In The Adventures of Huckleberry Finn, how is the loot from the House of Death helpful later on in the novel?

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accessteacher eNotes educator| Certified Educator

By referring to "The House of Death" I assume you mean that house that Jim and Huck come across floating in the river in Chapter 9 with the dead body in it, which we later discover is the body of Pap, Huck's father. Huck and Finn find a number of objects in the house which they take for later use, even some objects that at first glance seem rather strange. However, in concluding this section, Huck writes:

As so, take it all around, we made a good haul.

They had taken a number of practical objects, such as a tin lantern, a knife, candles, medicine and many other objects. Also, interestingly, they took some women's clothes, which Huck takes as well, saying "it might come good." Of course, it is in the very next chapter that they do "come good" as Huck uses them to disguise himself as a girl to go and find out what is happening on the mainland. Thus the loot they gain from this house is very useful to them both in furnishing them with more supplies and giving Huck what he needs to disguise himself.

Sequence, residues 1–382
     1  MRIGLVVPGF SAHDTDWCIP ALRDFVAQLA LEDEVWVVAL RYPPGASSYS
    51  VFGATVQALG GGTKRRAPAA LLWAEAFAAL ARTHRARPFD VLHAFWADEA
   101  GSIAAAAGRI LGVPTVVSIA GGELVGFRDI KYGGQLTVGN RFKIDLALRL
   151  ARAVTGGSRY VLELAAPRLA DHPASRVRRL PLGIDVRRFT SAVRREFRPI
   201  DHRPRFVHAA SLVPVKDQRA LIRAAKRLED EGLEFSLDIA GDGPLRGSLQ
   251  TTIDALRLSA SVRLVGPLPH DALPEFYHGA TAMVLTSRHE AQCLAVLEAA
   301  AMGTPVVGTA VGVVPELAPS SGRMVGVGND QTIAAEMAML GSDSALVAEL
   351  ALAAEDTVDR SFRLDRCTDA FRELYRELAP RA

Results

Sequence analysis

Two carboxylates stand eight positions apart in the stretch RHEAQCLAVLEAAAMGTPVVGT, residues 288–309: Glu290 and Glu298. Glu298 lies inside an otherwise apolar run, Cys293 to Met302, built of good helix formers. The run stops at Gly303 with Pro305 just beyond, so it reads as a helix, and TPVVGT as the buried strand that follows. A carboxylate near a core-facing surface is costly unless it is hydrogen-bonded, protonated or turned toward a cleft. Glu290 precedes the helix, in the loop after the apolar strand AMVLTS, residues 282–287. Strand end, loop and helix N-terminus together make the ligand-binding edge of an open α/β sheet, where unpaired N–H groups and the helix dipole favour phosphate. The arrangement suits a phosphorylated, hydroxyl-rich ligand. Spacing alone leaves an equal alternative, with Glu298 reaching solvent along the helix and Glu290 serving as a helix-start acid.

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The Adventures of Huckleberry Finn

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